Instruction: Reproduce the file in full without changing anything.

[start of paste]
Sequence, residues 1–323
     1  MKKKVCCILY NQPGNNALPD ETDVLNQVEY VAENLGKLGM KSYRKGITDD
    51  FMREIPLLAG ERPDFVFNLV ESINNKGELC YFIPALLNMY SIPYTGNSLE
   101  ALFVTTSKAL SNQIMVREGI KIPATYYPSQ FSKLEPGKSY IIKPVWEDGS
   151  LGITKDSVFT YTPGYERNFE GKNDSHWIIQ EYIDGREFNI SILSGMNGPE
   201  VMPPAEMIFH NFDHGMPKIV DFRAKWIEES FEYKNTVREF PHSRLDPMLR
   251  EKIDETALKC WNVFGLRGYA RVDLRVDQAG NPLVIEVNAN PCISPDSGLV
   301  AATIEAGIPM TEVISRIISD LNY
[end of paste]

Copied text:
Sequence, residues 1–323
     1  MKKKVCCILY NQPGNNALPD ETDVLNQVEY VAENLGKLGM KSYRKGITDD
    51  FMREIPLLAG ERPDFVFNLV ESINNKGELC YFIPALLNMY SIPYTGNSLE
   101  ALFVTTSKAL SNQIMVREGI KIPATYYPSQ FSKLEPGKSY IIKPVWEDGS
   151  LGITKDSVFT YTPGYERNFE GKNDSHWIIQ EYIDGREFNI SILSGMNGPE
   201  VMPPAEMIFH NFDHGMPKIV DFRAKWIEES FEYKNTVREF PHSRLDPMLR
   251  EKIDETALKC WNVFGLRGYA RVDLRVDQAG NPLVIEVNAN PCISPDSGLV
   301  AATIEAGIPM TEVISRIISD LNY